Sub-Inhibitory Concentrations of Rifampicin Strongly Stimulated Biofilm Production in S. aureus
Agostinho Alves Lima-e-Silva1, *, Renato Geraldo Silva-Filho1, Henry Marcel Zalona Fernandes2, Carmen Soares Meirelles Saramago1, Alice Slotfeldt Viana1, Maria José Souza3, Eduardo Matos Nogueira4
Identifiers and Pagination:Year: 2017
First Page: 142
Last Page: 151
Publisher ID: TOMICROJ-11-142
Article History:Received Date: 28/01/2017
Revision Received Date: 25/04/2017
Acceptance Date: 25/04/2017
Electronic publication date: 30/06/2017
Collection year: 2017
open-access license: This is an open access article distributed under the terms of the Creative Commons Attribution 4.0 International Public License (CC-BY 4.0), a copy of which is available at: https://creativecommons.org/licenses/by/4.0/legalcode. This license permits unrestricted use, distribution, and reproduction in any medium, provided the original author and source are credited.
Background and Objectives:
Staphylococcus aureus is an important pathogen and a frequent cause of infections associated with biofilm production in implantable medical devices. Biofilm production can be induced by sub-inhibitory concentrations (sub-MICs) of certain antibiotics, but few studies have researched this occurrence in S. aureus. In this study, we investigated the effect of sub-MICs of rifampicin and minocycline on biofilm production by five clinical and five non-clinical S. aureus isolates.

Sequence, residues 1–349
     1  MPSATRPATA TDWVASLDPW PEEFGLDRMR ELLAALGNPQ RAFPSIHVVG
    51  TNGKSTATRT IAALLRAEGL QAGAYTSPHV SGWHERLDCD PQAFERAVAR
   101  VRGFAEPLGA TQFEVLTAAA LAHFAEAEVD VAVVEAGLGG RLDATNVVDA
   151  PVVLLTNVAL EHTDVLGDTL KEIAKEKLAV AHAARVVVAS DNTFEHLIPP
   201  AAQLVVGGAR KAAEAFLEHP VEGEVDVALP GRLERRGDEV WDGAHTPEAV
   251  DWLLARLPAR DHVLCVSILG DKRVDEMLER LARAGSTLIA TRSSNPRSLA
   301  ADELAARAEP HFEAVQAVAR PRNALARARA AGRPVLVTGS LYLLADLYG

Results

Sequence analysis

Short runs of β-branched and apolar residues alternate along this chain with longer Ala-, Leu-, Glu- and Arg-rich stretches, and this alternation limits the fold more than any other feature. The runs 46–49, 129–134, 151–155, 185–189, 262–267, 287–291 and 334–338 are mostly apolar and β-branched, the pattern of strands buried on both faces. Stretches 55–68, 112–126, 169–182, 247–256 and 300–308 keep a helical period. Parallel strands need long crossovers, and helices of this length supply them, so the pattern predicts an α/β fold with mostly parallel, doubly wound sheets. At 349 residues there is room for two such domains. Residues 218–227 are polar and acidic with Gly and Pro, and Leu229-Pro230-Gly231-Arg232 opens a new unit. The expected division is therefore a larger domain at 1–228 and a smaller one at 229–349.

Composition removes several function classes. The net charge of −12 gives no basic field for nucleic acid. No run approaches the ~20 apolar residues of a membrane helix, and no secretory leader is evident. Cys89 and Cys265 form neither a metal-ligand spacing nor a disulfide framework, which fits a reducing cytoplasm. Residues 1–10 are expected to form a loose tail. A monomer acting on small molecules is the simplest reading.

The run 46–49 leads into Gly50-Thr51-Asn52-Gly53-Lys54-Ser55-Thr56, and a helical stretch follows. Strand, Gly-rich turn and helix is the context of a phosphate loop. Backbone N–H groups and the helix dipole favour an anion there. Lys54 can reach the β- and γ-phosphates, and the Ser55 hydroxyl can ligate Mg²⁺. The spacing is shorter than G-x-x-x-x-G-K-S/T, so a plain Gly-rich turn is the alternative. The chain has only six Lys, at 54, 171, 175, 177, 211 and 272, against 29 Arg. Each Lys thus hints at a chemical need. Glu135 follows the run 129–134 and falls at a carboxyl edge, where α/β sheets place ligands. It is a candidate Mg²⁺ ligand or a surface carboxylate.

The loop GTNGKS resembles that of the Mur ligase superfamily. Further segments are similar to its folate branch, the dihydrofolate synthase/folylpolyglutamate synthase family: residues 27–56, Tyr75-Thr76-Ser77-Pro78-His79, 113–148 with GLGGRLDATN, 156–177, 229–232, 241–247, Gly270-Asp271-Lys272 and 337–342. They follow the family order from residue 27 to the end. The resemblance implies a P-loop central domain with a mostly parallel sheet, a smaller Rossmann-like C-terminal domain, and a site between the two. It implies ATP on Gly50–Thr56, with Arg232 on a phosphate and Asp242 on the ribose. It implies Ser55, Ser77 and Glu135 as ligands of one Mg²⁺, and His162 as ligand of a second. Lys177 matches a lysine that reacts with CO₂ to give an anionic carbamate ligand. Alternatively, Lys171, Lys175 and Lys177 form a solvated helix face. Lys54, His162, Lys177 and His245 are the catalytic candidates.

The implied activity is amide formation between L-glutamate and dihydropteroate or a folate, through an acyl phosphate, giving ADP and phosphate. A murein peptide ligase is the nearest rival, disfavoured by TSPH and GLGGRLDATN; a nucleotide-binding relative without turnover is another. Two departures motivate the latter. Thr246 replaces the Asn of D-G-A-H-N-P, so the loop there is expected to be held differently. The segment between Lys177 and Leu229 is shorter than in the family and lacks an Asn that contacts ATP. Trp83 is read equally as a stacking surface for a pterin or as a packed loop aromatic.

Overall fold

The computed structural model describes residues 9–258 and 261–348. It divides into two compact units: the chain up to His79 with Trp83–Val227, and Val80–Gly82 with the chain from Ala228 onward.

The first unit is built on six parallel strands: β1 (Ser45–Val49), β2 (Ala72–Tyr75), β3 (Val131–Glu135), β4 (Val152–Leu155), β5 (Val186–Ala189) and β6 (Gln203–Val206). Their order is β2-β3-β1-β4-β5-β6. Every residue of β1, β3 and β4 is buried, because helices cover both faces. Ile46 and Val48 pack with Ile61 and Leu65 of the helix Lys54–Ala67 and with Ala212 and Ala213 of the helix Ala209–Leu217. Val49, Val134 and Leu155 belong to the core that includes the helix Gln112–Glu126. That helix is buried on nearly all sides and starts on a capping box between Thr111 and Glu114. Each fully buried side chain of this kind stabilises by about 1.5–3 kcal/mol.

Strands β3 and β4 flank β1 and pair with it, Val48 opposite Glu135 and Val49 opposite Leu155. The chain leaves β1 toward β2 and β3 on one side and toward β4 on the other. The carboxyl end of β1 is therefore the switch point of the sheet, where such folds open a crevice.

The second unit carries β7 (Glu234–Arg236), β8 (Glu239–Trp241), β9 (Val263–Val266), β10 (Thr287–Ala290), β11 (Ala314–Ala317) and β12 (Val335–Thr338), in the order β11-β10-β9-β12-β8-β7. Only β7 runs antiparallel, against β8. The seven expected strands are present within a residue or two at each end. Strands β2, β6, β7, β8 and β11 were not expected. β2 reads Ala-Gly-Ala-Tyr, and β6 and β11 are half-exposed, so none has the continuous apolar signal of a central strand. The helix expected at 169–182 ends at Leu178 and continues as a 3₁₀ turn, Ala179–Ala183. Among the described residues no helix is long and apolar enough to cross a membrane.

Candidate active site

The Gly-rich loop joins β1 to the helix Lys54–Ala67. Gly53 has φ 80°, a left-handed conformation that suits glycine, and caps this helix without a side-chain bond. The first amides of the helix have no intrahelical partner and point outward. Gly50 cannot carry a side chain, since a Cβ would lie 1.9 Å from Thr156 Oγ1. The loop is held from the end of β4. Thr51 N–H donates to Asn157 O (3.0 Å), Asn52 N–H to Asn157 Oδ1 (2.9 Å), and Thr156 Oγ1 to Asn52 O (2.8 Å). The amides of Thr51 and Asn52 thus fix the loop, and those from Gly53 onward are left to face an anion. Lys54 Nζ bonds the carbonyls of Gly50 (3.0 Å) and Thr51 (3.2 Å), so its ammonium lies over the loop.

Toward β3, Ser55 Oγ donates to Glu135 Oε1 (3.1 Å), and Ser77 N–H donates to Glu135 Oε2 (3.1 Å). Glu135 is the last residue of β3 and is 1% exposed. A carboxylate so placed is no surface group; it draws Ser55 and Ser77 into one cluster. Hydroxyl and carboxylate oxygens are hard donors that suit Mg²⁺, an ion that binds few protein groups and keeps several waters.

Microtiter Plate assay and Congo Red Agar Test were used to analyze the biofilm production. The biofilm composition was evaluated by the detachment assay with sodium metaperiodate and proteinase K.
Rifampicin sub-MICs induced very high biofilm formation in seven isolates that were non-producers in Tryptic Soy Broth. In one producer isolate, the biofilm formation level was not affected by sub-MICs of this drug. Sub-MICs of minocycline did not induce biofilm production in all isolates tested and in two producer isolates, instead, MIC/2 and MIC/4 inhibited biofilm production. The results of the drugs in combination were similar to those with rifampicin alone. The biofilm matrix was identified as polysaccharide, except for one producer isolate, classified as proteinaceous. Polysaccharide biofilm producer isolates, when grown on Congo Red Agar without sucrose, but with sub-MICs of rifampicin, showed results in agreement with those obtained in Microtiter Plate Test.
The high biofilm production induced by sub-MICs of rifampicin has potential clinical relevance, because this is one of the drugs commonly used in the impregnation of catheters. In addition, it is used adjunctively to treat certain S. aureus infections.